What she said was this:

Peter came downstairs the third evening of his stay “armed and equipped as the law directs” for a cotillion. In the large hallway, he found Leonore, likewise in gala dress, resting her hand on the tall mantel of the hall, and looking down at the fire. Peter stopped on the landing to enjoy that pose. He went over every detail with deliberation. But girl, gown, and things in general, were much too tempting to make this distant glimpse over lengthy. So he descended to get a closer view. The pose said nothing and Peter strolled to the fire, and did likewise. But if he did not speak he more than made up for his silence with his eyes.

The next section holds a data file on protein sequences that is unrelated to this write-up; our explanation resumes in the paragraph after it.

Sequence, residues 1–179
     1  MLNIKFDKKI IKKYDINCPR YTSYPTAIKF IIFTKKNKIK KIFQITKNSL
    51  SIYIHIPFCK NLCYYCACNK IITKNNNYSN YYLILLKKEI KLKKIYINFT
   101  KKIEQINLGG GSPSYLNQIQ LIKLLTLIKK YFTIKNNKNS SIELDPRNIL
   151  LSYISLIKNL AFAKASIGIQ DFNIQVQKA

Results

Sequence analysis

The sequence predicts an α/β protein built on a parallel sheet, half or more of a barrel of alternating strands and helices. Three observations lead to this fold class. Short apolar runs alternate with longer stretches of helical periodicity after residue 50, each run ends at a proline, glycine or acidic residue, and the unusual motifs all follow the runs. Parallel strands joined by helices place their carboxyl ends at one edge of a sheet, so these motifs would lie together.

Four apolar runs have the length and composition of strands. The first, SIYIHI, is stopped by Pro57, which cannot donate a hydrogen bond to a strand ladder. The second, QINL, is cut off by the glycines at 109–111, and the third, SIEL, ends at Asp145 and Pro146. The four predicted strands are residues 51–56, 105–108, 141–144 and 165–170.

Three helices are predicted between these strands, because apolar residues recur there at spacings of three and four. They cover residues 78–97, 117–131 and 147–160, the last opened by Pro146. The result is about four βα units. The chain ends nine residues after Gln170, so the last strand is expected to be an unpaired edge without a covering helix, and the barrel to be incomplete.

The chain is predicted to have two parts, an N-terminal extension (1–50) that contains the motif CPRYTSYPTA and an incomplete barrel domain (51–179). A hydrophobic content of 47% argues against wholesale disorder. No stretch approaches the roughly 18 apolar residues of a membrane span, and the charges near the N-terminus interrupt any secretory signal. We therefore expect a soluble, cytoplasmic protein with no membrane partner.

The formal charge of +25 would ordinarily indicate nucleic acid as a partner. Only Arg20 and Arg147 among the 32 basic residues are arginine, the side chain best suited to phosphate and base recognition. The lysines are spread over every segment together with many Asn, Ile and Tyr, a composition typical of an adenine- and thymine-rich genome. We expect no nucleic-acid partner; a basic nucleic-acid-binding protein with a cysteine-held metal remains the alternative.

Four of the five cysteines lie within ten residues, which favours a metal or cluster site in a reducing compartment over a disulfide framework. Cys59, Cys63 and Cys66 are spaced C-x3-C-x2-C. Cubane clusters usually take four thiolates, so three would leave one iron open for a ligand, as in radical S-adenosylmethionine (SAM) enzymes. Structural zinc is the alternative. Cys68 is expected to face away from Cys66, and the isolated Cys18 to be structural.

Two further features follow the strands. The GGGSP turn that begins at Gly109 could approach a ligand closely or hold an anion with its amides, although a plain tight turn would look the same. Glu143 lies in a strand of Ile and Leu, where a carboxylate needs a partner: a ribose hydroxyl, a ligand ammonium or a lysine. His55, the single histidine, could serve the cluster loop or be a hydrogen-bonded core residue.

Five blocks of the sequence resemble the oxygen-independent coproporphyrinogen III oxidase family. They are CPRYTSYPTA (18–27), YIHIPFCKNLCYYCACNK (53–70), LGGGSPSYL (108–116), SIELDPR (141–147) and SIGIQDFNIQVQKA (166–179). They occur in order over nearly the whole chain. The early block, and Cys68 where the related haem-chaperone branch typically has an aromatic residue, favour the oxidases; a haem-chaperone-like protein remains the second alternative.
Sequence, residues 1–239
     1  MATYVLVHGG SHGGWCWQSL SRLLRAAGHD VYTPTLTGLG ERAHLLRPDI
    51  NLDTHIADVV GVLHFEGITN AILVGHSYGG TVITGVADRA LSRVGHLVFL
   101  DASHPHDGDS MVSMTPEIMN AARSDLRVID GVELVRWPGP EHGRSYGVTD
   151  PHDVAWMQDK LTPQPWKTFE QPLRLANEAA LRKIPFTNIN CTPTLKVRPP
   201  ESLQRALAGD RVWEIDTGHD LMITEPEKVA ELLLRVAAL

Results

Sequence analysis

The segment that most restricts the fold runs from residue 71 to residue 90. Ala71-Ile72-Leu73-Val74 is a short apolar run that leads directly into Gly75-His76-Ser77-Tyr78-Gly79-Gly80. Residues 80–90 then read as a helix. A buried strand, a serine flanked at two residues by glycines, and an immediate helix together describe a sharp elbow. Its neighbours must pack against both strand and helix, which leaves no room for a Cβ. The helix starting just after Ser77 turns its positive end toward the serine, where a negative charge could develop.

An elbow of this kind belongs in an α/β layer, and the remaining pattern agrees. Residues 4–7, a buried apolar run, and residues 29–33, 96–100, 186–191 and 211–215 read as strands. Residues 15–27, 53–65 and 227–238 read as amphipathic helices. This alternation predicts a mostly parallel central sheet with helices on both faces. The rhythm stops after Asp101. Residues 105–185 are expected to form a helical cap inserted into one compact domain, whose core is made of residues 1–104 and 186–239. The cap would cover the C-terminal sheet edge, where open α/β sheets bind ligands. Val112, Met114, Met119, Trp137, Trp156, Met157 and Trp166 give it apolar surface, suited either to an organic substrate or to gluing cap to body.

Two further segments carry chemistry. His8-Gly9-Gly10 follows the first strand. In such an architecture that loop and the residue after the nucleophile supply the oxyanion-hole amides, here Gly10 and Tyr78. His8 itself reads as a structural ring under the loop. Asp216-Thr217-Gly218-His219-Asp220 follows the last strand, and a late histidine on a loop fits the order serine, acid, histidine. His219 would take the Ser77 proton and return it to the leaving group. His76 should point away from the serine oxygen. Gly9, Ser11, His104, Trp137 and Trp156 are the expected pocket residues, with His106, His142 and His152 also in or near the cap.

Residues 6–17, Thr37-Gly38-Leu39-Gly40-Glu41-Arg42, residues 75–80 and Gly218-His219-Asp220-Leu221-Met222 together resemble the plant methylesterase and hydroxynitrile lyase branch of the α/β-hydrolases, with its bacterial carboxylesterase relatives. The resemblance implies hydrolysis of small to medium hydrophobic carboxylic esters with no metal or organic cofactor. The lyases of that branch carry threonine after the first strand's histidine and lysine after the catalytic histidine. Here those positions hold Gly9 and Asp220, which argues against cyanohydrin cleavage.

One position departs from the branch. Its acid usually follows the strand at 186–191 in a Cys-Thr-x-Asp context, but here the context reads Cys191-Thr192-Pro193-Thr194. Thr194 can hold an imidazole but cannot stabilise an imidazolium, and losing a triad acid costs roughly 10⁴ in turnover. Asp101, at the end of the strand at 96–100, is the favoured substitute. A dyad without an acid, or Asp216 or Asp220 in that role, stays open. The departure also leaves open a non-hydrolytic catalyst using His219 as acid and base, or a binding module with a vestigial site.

Finally the pose said, “I suppose it’s time we started?” 381 “Some one’s got to speak,” the pose had decided. Evidently the pose felt uneasy under that silent gaze.

“It’s only a little past ten,” said Peter, who was quite satisfied with the status quo.

Then silence came again. After this had held for a few moments, the pose said: “Do say something!”

“Something,” said Peter. “Anything else I can do for you?”

“Unless you can be more entertaining, we might as well be sitting in the Purdies’ dressing-rooms, as standing here. Suppose we go to the library and sit with mamma and papa?” Clearly the pose felt nervous.

Peter did not like this idea. So he said: “I’ll try to amuse you. Let me tell you something very interesting to me. It’s my birthday to-morrow.”

“Oh!” said Leonore. “Why didn’t you tell me sooner? Then I would have had a gift for you.”